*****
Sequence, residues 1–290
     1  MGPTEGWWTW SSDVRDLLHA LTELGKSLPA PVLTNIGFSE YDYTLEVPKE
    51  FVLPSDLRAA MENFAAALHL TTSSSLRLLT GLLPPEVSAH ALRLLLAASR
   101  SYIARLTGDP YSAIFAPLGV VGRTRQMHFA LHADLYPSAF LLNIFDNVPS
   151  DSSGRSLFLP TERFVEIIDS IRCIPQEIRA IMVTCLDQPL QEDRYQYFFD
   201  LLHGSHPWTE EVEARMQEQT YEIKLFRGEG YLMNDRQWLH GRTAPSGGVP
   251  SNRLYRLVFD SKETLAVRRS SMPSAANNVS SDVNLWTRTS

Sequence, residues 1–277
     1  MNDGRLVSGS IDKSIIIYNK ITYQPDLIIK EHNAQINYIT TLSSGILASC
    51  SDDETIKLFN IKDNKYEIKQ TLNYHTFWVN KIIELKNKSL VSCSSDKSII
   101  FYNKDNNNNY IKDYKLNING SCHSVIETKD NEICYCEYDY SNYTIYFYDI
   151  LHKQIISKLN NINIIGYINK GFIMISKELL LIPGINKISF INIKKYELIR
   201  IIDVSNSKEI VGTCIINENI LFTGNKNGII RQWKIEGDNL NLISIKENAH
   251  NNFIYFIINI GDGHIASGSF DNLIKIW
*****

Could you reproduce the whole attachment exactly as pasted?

Sequence, residues 1–290
     1  MGPTEGWWTW SSDVRDLLHA LTELGKSLPA PVLTNIGFSE YDYTLEVPKE
    51  FVLPSDLRAA MENFAAALHL TTSSSLRLLT GLLPPEVSAH ALRLLLAASR
   101  SYIARLTGDP YSAIFAPLGV VGRTRQMHFA LHADLYPSAF LLNIFDNVPS
   151  DSSGRSLFLP TERFVEIIDS IRCIPQEIRA IMVTCLDQPL QEDRYQYFFD
   201  LLHGSHPWTE EVEARMQEQT YEIKLFRGEG YLMNDRQWLH GRTAPSGGVP
   251  SNRLYRLVFD SKETLAVRRS SMPSAANNVS SDVNLWTRTS

Sequence, residues 1–277
     1  MNDGRLVSGS IDKSIIIYNK ITYQPDLIIK EHNAQINYIT TLSSGILASC
    51  SDDETIKLFN IKDNKYEIKQ TLNYHTFWVN KIIELKNKSL VSCSSDKSII
   101  FYNKDNNNNY IKDYKLNING SCHSVIETKD NEICYCEYDY SNYTIYFYDI
   151  LHKQIISKLN NINIIGYINK GFIMISKELL LIPGINKISF INIKKYELIR
   201  IIDVSNSKEI VGTCIINENI LFTGNKNGII RQWKIEGDNL NLISIKENAH
   251  NNFIYFIINI GDGHIASGSF DNLIKIW